What is a time-honoured tradition in many First Nations families, a way to enjoy time with family members and friends, and a cost-effective method to store foods? If you answered "canning," you are absolutely right!
Above: Canning Champion Roberta Latimer (right) with youth and Elders who participated in a canning workshop Roberta led at the Wei Wai Kum First Nation in Campbell River last summer. “Canning is something I want to pass on to my children, my grandchildren – and they’re all learning that now,” she says.
Canning is one of the ways Indigenous people preserve foods such as berries, vegetables, fish and meat. Now the First Nations Health Authority (FNHA) is helping to promote this efficient and inexpensive process with the publication of a guide called Canning Foods – Your Guide to Successful Canning.
For the FNHA's Chief Medical Officer, Dr. Evan Adams, the canning guide supports an Indigenous tradition that helps families eat together, stay together and stay healthy together. "Canning food helps promote good nutrition," he said. "When the activity is done with others, it adds love along with the other ingredients – and that promotes quality of life as well as food quality!"
The guide provides detailed instructions on how to can food by heating it in glass jars. It describes best practices for safe canning techniques and offers tested recipes for a wide range of foods - everything from clams to carrots, from applesauce to oysters, from rabbit to rhubarb-strawberry jelly!
Some of the recipes come from "Canning Champions." These are representatives from First Nations communities around the province who participated in and helped shape a new train-the-trainer course developed by the FNHA's Environmental Public Health Services and Community Health and Wellness departments.
"Our priority is ensuring that First Nations communities have safe access to traditional foods and that both food security and food safety are top considerations for community wellness," said Linda Pillsworth, FNHA Manager of Environmental Public Health Services. Her team, along with members of Community Health and Wellness, developed the guide in close consultation with the Canning Champions to ensure it was a useful tool for them – one that's reflective of their own experiences.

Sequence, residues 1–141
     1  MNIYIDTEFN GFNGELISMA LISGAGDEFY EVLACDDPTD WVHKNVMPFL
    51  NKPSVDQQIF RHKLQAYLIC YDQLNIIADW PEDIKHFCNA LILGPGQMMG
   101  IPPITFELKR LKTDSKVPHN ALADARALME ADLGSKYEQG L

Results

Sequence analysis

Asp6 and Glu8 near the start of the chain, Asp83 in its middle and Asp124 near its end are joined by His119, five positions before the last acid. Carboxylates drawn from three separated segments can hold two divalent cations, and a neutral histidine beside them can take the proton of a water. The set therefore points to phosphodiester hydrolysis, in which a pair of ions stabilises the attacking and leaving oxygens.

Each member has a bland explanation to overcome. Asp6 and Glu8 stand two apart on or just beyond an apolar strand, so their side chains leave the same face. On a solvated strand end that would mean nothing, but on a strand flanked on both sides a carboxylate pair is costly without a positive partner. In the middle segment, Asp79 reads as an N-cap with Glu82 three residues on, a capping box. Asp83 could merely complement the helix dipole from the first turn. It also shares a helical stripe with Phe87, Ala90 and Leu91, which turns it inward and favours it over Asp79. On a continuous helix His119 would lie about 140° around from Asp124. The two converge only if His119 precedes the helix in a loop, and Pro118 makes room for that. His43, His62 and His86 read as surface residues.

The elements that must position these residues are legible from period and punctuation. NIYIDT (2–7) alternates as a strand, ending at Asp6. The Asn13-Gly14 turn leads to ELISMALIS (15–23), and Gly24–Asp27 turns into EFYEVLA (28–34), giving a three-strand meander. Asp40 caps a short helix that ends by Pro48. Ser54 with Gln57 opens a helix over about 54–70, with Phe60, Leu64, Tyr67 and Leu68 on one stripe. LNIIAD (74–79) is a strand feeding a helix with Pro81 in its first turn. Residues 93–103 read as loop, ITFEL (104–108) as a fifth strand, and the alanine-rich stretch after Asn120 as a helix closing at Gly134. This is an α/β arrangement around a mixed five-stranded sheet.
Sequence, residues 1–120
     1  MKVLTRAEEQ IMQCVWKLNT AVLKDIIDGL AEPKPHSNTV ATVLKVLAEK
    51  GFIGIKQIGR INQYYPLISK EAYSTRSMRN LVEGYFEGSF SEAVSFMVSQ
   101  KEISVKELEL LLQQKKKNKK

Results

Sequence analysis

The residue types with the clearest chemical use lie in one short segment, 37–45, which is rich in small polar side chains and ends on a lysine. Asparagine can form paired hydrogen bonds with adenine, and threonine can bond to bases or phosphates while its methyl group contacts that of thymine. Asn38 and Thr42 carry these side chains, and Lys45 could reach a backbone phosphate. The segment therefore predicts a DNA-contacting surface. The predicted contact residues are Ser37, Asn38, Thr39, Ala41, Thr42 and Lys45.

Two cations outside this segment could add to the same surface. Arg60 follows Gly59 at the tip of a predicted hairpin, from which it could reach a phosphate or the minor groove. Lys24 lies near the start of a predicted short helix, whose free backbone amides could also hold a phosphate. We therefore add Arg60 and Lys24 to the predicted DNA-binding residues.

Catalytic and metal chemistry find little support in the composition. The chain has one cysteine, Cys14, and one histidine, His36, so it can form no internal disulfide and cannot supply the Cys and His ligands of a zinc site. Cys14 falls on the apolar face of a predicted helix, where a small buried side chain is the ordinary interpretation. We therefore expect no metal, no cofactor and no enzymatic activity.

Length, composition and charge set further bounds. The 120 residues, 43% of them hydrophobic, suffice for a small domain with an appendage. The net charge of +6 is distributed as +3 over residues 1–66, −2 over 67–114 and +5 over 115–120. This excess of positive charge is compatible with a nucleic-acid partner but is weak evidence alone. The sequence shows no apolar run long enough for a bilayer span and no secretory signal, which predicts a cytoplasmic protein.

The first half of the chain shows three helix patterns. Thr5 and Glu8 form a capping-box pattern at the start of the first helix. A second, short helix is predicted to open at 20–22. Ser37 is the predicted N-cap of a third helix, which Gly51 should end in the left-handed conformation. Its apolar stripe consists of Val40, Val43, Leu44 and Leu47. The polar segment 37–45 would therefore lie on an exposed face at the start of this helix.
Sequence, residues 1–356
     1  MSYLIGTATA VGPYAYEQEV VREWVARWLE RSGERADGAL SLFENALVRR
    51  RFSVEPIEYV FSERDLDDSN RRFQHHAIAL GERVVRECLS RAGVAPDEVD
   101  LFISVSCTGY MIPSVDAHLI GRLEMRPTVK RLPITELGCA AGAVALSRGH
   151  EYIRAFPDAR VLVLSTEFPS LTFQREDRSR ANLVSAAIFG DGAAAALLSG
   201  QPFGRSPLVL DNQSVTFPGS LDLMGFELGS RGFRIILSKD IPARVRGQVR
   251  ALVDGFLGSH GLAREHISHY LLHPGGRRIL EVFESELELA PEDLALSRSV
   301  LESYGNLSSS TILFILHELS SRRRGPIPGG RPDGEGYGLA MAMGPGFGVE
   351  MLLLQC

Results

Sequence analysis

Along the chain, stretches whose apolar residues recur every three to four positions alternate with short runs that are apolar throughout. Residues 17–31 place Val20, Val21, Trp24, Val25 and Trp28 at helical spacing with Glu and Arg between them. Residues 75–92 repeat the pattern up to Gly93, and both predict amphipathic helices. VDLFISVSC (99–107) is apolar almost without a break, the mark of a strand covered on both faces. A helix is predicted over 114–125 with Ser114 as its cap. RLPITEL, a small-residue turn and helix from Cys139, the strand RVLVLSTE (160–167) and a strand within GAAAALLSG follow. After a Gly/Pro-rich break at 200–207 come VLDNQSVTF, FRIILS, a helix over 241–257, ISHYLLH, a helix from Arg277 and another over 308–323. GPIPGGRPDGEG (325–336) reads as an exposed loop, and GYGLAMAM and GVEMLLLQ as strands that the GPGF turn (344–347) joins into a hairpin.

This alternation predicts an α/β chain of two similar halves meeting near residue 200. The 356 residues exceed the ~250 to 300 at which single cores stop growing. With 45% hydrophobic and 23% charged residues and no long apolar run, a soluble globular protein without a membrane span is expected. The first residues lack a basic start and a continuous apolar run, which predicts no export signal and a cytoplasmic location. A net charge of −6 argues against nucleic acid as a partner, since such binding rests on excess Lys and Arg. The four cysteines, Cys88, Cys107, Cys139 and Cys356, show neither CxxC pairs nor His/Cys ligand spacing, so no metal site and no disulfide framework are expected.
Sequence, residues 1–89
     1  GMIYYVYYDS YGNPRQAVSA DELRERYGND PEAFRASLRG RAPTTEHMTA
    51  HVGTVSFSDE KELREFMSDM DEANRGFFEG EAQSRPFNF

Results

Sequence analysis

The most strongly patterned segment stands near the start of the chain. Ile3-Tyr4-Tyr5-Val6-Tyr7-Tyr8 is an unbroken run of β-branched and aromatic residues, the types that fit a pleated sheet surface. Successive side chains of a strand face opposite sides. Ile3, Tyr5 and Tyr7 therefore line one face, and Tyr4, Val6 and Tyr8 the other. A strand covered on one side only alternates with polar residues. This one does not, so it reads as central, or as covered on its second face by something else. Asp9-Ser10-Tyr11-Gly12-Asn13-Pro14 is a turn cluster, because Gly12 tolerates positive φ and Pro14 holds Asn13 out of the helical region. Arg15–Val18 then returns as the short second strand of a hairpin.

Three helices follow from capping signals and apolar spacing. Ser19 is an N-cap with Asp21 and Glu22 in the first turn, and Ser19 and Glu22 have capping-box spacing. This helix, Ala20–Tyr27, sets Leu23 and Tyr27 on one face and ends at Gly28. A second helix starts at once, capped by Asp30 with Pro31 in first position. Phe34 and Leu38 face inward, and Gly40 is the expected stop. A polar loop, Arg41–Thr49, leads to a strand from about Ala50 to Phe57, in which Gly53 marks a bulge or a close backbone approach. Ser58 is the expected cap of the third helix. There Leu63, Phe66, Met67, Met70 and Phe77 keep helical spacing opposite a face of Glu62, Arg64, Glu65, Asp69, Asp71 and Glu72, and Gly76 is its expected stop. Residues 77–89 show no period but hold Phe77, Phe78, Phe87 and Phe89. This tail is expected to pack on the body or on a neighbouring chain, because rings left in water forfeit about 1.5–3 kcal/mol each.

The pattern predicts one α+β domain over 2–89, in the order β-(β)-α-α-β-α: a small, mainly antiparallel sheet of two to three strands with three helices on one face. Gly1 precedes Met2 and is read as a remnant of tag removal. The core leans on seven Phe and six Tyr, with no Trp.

The guide also features photos of the Champions, including those taken at a canning workshop for youth and Elders led by Roberta Latimer of the Wei Wai Kum First Nation in Campbell River. The photos are a reminder of the social interaction offered by community canning activities – and the role of this activity in the lives of multiple generations.
"My mother was my inspiration for food preservation," said Canning Champion Pat Raphael Derickson of Tsinstikeptum - Westbank First Nation. "As we canned, she would share the importance of planning ahead – and jokes and laughter rang through the kitchen. I miss her but I share this knowledge with my children and grandbabies."
Pat also recalls her family sharing their canned food with others who were less fortunate – highlighting another advantage to this activity in that it makes it easier to share nutritious seasonal and traditional foods year-round with others.
Environmental Health Officers and Canning Champions are distributing the guide at canning workshops, FOODSAFE courses, hunting and fishing camps, and other community events where food is a focus. The guide is also available by contacting local Environmental Health Officers directly and a PDF version is posted on the FNHA website.
"This is a first step along a path of improving not just food safety and food security but also access to traditional foods," said Linda. "We plan to build on this guide by gathering more recipes from communities across the province and by offering information on other forms of traditional food preservation, such as drying, smoking and salt-curing. FNHA and our health partners have also initiated discussions on how to enhance access to traditional foods in care facilities. We look forward to engaging with communities further on these activities."